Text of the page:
hugh (huge?) chimney, and the fire-light merrily played among the flitches of bacon hanging from the smoked rafters overhead, she would recount to her grandchildren gathered around, her many adventures in a newly settled country, and the sufferings endured by herself and kindred when forced to fly on the approach of the savage hordes of St. Leger.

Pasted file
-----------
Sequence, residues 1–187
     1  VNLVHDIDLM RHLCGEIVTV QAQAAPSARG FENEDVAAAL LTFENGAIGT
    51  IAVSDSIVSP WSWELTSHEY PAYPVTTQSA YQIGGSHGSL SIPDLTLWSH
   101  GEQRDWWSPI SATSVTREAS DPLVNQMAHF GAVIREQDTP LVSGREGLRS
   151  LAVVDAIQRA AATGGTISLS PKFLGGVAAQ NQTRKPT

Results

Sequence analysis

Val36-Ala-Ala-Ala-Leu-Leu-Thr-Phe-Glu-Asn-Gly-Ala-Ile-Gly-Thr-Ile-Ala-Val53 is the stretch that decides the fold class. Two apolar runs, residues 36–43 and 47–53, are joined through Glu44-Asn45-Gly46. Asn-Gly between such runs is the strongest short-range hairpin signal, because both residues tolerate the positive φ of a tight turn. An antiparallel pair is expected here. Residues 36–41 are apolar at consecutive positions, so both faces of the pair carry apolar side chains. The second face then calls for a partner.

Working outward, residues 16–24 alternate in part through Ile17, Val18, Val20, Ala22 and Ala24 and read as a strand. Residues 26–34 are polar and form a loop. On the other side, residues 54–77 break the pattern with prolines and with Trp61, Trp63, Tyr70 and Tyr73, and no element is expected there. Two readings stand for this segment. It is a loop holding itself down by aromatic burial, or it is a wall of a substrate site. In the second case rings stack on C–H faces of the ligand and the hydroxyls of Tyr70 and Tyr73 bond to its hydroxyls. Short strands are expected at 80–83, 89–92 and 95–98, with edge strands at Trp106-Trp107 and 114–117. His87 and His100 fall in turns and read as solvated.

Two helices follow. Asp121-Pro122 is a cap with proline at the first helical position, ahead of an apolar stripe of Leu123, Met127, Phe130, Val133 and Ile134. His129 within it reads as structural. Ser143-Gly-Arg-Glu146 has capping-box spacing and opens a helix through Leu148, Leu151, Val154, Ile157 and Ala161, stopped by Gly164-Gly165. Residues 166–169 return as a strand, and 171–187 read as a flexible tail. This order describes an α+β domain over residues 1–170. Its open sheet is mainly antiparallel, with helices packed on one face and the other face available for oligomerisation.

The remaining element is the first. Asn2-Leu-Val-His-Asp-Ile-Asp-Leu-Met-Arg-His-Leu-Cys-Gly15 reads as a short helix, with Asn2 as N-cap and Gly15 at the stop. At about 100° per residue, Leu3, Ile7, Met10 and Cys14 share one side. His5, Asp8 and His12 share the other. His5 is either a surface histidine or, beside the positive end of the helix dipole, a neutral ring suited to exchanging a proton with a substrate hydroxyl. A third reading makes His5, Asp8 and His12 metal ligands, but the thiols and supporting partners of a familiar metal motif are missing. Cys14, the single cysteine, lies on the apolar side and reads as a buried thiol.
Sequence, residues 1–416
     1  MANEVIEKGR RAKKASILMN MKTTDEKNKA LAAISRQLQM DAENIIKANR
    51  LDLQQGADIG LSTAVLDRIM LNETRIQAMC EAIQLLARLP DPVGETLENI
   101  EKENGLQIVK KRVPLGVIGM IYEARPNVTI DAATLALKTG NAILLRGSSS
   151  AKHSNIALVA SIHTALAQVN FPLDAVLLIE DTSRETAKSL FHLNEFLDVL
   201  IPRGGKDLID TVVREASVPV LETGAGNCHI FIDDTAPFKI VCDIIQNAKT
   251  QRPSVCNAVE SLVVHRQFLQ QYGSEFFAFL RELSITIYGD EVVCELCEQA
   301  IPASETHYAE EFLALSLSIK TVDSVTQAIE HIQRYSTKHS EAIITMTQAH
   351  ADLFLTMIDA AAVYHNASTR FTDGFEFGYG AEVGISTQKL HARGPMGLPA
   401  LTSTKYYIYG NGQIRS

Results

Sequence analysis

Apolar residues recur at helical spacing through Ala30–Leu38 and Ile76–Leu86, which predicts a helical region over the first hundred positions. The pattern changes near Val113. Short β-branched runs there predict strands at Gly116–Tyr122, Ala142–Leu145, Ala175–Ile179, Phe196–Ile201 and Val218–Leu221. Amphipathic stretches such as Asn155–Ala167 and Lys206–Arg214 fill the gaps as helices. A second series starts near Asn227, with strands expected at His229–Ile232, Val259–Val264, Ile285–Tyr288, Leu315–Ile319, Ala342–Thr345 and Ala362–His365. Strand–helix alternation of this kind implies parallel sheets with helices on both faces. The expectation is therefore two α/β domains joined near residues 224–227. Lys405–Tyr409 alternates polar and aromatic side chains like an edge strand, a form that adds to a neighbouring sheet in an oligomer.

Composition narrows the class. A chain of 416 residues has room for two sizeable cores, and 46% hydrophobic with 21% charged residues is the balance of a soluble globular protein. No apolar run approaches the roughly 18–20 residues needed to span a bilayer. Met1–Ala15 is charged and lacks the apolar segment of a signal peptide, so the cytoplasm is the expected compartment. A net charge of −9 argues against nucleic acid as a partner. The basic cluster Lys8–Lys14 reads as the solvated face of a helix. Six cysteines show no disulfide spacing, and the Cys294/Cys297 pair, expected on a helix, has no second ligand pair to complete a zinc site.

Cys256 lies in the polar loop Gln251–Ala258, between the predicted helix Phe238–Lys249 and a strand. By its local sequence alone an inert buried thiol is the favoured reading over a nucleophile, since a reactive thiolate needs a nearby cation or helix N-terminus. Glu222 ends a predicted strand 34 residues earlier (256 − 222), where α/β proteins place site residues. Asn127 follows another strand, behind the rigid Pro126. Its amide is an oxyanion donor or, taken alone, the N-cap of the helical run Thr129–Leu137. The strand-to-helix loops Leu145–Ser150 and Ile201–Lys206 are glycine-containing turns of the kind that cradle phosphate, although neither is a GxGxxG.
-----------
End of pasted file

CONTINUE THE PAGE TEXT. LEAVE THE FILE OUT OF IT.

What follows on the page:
Mr. Starin comes, indeed, of good old revolutionary stock. His grandfather, the Indian interpreter mentioned above, fought throughout the war for American Independence, and was one often of the Starin family who served in the Continental army directly under Washington. To Sampson Sammons, the great-great-uncle of Mr. Starin, belongs the honor of having had fired at him the first shot in the war of the Revolution west of the Hudson; while his son, Jacob Sammons, in attempting to erect